I waited a bit before I bought my first iPod. While I love all things tech, I also have a healthy bit of experience with being an early adapter and that's enough to put the brakes on 'gotta have it first' spending.
I thought the iPod was a marvelous device (and still do), but I scanned the geek sites for bugs and actually waited for the storage to go up and the price to come down. That definitely worked out. So I didn't have the instant subway cache of white wire hanging from my ears for almost two years.
I'm wondering if Amazon's new wireless reading device the Kindle, is going to be the next big thing I have to save for (especially at its price of $399). It's a 10.3 ounce, 7.5" x 5.3" x 0.7" (hmm . . . paperback sized), wireless (Sprint's national high-speed EVDO), handheld book reader and Amazon shopping cart.
That's right - Buy a book from Amazon and it is wirelessly delivered to your Kindle for free. Supposedly within one minute. It has a 6" display it calls E-Ink® that is gray scale with 600 x 800 pixel resolution.
As a complete 'bookaholic' I've got to admit that this does sound plenty tasty. While traveling I can scan blogs, check my webmail, read newspapers and magazines, along with instant book gratification. However, I think I may stay in 'wait-and-see' mode for a bit longer. The pros and the cons have quite a bit to battle out:
- According to beta testers, the battery life is more than decent and the screen is easy to read.
- Books have DRM (digital rights management, that's content or copy protection to you partner). Will I even own the book after ten years?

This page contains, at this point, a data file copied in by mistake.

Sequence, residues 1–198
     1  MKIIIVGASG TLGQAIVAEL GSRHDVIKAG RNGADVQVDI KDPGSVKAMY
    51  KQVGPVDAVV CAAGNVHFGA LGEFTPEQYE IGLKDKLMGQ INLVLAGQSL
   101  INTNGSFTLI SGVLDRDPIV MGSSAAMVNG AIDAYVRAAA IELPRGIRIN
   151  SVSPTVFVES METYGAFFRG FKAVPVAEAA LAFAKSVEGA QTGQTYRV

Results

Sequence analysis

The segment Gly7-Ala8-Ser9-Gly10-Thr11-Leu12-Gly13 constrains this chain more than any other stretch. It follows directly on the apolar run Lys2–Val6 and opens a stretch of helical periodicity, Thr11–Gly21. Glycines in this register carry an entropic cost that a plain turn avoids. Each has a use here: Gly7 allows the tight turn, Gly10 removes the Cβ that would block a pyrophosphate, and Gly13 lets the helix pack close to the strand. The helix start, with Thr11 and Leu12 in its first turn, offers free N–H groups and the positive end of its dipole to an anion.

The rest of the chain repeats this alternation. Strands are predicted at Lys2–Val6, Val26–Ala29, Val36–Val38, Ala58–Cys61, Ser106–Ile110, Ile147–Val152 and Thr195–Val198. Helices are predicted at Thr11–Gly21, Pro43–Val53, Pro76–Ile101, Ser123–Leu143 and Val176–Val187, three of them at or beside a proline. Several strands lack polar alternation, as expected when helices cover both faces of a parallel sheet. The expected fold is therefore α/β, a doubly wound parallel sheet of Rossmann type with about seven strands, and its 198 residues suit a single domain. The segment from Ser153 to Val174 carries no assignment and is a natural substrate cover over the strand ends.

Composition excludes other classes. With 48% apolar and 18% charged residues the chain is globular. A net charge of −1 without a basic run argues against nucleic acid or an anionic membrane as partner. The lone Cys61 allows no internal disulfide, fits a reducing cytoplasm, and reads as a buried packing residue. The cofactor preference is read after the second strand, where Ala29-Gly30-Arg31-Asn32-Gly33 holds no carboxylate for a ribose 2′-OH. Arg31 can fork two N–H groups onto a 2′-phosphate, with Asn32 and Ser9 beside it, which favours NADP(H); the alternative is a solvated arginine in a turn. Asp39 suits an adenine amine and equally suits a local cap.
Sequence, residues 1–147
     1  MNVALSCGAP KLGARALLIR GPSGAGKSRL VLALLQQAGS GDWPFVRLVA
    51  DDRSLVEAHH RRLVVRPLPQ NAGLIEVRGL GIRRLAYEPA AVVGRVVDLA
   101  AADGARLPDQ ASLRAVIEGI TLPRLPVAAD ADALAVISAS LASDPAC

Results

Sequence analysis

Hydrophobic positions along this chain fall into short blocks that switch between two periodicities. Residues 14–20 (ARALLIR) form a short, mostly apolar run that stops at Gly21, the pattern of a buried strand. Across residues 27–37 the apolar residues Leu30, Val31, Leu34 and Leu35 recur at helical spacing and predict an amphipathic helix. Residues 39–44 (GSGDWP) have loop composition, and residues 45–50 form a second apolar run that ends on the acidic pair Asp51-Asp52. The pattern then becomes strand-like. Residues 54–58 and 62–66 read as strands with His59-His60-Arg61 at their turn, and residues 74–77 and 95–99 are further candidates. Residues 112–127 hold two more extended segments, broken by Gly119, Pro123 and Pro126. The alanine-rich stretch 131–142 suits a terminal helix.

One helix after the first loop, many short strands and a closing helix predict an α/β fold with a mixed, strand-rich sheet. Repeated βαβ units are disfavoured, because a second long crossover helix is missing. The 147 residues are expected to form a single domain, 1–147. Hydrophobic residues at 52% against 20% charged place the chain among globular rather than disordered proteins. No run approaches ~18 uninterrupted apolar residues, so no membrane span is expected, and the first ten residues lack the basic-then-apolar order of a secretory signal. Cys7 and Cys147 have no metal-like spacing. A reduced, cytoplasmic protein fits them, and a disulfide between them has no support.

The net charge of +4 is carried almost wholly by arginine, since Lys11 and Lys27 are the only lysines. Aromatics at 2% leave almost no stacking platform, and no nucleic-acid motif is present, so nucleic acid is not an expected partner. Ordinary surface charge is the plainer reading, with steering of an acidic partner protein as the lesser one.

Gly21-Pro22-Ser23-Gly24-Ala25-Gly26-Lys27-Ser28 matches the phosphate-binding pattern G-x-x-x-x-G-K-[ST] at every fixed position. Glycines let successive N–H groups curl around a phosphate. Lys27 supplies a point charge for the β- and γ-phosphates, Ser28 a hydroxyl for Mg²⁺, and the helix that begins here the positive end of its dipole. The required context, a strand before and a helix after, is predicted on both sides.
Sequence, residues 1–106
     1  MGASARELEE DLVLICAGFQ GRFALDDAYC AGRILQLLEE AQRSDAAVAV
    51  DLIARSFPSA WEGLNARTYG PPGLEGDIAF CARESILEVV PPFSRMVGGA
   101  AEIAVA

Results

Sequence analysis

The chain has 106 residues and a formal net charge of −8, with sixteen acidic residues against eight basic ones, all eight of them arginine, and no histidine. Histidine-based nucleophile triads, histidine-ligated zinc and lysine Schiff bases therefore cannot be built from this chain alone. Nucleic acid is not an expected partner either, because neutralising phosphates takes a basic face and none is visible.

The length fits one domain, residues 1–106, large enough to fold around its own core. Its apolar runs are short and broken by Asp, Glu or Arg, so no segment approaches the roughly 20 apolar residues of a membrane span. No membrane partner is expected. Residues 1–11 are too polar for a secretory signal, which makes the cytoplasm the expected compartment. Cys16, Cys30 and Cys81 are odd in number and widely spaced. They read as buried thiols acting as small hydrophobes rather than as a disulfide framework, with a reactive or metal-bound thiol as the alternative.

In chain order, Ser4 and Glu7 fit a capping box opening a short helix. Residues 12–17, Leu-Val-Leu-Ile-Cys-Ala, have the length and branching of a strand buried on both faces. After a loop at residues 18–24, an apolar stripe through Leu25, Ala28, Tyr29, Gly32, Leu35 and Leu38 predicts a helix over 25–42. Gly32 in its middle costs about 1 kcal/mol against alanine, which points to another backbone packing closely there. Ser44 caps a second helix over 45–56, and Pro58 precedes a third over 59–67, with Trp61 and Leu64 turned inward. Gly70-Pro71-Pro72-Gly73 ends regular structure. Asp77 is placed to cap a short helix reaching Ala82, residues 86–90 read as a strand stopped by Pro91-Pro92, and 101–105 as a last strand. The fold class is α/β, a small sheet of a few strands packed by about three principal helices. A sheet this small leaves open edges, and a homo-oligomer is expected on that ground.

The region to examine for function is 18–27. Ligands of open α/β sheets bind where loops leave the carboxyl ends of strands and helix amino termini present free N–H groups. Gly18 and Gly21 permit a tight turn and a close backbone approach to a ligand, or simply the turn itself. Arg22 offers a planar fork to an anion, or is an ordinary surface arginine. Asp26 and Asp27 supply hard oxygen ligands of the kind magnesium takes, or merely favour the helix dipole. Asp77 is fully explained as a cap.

- Book purchases are stored at Amazon.com to be retrieved if the Kindle is lost, broken or stolen. Other files should be on an SD memory card so they can be easily backed up.
- It doesn't read PDF file format (rats!). However, you can use another program (Mobipocket Creator 4.2 - free) to convert PDF's to Mobi format, then upload to the Kindle.
- Wow! Imagine having all of your school books on one device. That would make it worth it's wait in gold. The lack of Quasimodo backpack shoulder alone is priceless.
- Oh no! Not another device? It took me awhile to combine my Tungsten pda with my cell phone. My handbag was (is) filled with electronics - iPod, pda, phone. Let's just use a rolling suitcase from now on, huh?
- What if, after reading the book on the Kindle, you want a hard copy? Will there be a discount on the actual book? Or maybe, buy the book and get Kindle file free?
- Will we ever be able to download files from libraries? For free? Or will it be forever married to Amazon?
- On that same tip, what does this mean for independent book stores? Will they make the shift and sell more ebooks on CD (ugh)? Or find a way to upload their own supply?
- The price really isn't that bad when you take in account the monthly cost of EVDO (at least $40 a month). All wireless is free on the Kindle.
- Editors and other professional readers will not be able to site pages by fixed page numbers. The fluidity of the pages makes this maddening. Editors will have to a search for text or a phrase or sentence, much like searching for data on a webpage or site. Perhaps this will be addressed in future versions.
- This may be a boon to self-published authors. An ISBN isn't even needed to sell your book on the Kindle platform.
- There have been some complaints of flimsy construction.
- Here's one of my favorites: If you buy more than one Kindle (on the same account), then anything you buy for one will be automatically downloaded to the others. Up to 6 Kindles can be dedicated to a single account. Ha! Now all I need is a special husband-wife/family discount. Come on Mr. Bezos. Just this once, for me . . . Please?
Okay, so what am I really waiting for? Let's see . . . I'm waiting for the iPhone to be offered with my carrier Verizon and perhaps a '2.1 version of the Kindle.
The war may be over before the battle begins - it already has it's own 'noun-verb' . . . kindling.
Check out Toni Morrison's take on the Kindle.